The American Society of Interior Designers (ASID) Second Quarter Interior Design Billings Index (IDBI) indicates steady, continued and positive momentum for the interior design industry in the months ahead, according to the organization.
In June, the ASID IDBI stood at 55.8 and the Inquiries Index was 58.2. While both indices are down slightly from May, these figures remain above 50—indicating positive growth across the design space. As an indicator of residential and nonresidential improvement spending, the IDBI brings additional perspective to the already established construction indices.
Firm Size Affected Results
Most firms reported increased billings in June, with index scores of 50 or above. Smaller firms, with either a sole practitioner or fewer than 10 employees, have reported consistent growth since the first quarter of this year as well as year over year, according to the organization. Results for larger firms—those with 25 or more employees—were positive, although imprecise due to the small number of responses. Medium-sized firms (10 to 24 employees) struggled to maintain their positive momentum in March and April, and in June experienced the lowest billings in the past year.
Conditions Differed Across Regions
ASID firms in the Midwest, South and West all experienced increased monthly billings during the first half of this year. While down from May, indices for firms in the West and South stayed above 60 through June, indicating the country’s strongest growth in billings, according to the organization. The Midwest region reported billings increases in every month this year except March, when the region’s score fell below 50. Interior designers in the Northeast struggled over the past six months, reporting billings increases only in May.
Billings Varied by Market Sector
The single-family and multifamily residential sectors reported billings increases in May and June. In the case of single-family billings, that growth extended the momentum from the first quarter and the month-over-month billings increases of the past year. The multi-family billings index varied more over the past year, but remained above 50 for eight months.
The commercial sector was not as strong, with only the office sector reporting increased billings in June. While that came on the heels of billings slumps in April and May, office design firms did experience billings increases more often during the past 12 months compared with the other three sectors. The hospitality, retail and entertainment sectors mostly witnessed declines in billings during the first six months of the year, with the latter two facing eight months of billings declines over the past year. The hospitality sector began with decreased billings, witnessed a rise in billings in February, and ended June with its lowest billings in a year.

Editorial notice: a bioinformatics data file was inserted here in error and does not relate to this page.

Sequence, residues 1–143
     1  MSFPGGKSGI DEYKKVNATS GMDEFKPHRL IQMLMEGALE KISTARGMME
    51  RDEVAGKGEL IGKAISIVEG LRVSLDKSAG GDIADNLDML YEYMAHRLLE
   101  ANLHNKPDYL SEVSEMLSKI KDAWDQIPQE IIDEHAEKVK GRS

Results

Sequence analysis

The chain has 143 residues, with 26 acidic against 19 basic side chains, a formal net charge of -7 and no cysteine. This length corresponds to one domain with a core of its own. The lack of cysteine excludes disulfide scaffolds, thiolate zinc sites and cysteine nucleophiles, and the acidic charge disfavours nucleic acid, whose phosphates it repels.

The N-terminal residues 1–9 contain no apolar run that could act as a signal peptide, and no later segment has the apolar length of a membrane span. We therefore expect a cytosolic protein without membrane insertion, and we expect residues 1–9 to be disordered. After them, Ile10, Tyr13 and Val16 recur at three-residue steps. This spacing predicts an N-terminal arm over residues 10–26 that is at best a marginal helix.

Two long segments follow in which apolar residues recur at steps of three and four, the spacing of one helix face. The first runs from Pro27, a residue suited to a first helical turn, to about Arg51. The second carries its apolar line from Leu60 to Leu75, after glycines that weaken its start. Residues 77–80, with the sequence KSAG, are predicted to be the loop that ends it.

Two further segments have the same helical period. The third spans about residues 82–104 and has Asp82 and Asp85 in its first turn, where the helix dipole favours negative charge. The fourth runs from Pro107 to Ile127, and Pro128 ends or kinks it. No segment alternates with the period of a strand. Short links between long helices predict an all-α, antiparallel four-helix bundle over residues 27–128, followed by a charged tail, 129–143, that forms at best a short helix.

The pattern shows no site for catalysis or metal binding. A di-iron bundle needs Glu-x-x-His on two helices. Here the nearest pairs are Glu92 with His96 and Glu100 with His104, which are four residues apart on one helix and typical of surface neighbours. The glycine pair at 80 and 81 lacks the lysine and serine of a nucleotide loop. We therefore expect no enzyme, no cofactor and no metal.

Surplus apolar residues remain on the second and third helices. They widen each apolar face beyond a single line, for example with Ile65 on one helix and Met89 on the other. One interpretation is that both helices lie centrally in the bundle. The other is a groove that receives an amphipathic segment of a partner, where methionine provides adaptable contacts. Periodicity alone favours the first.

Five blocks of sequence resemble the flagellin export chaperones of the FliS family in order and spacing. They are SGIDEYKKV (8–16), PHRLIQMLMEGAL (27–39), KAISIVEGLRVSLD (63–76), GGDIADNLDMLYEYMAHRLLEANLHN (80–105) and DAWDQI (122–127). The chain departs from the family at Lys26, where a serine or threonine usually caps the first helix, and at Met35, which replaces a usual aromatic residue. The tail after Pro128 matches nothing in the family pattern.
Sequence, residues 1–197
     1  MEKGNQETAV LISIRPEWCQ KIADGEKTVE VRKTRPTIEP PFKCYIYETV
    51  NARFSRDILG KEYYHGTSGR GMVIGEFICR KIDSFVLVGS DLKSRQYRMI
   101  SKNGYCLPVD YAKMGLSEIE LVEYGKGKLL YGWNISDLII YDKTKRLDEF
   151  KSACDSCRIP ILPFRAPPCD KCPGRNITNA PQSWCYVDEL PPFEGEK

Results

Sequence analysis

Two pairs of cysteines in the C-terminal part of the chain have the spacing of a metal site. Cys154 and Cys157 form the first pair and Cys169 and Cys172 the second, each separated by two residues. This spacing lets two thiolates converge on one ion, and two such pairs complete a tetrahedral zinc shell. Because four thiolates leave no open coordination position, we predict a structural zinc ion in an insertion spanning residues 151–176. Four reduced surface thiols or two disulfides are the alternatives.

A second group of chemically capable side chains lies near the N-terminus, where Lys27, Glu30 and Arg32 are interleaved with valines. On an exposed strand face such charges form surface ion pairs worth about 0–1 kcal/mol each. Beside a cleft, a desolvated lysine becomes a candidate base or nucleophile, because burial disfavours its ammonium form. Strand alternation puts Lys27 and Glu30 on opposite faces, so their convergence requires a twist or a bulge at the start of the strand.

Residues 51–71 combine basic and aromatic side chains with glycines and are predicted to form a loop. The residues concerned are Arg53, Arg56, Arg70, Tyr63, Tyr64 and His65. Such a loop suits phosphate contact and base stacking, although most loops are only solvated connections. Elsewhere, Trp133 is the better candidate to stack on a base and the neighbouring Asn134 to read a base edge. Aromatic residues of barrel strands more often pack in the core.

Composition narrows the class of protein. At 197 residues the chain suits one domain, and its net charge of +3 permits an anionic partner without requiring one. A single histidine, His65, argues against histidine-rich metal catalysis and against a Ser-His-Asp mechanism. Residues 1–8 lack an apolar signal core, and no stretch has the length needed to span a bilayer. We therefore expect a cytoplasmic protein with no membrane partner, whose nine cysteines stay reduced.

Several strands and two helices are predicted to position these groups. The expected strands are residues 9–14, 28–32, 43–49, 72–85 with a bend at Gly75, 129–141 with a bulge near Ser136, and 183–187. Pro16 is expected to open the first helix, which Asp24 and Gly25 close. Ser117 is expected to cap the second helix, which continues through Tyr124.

The institutional sector showed varied results, with billings fluctuating dramatically over the past six months in government, education and healthcare. The government sector showed increases for the first three months, but slumped in April and May before rebounding in June. The education sector reported increased billings for five of the first six months, only dropping below an index of 50 in April. Year over year, the education sector experienced one of the most significant billings increases, jumping more than 25 points. Overall, billings at healthcare firms improved markedly from the second half of 2013 to the first half of the year.
“While the U.S. economy shifted into a higher gear during the second quarter and the composition of growth has improved, some uncertainty remains,” said Jack Kleinhenz, chief economist for this research. “The pace of construction and home improvement spending has been growing in fits and starts during the first half of 2014. Although employment for both architecture and design services is up, the second half of the year may increase at a slower pace and could result in positive—though softer—readings for billings and inquiries.”
Since 2010, the IDBI has informed the economic outlook for the interior design industry as a whole. The ASID IDBI reflects a lead time of approximately three to four months between interior design billings and spending.
For more information, visit asid.org.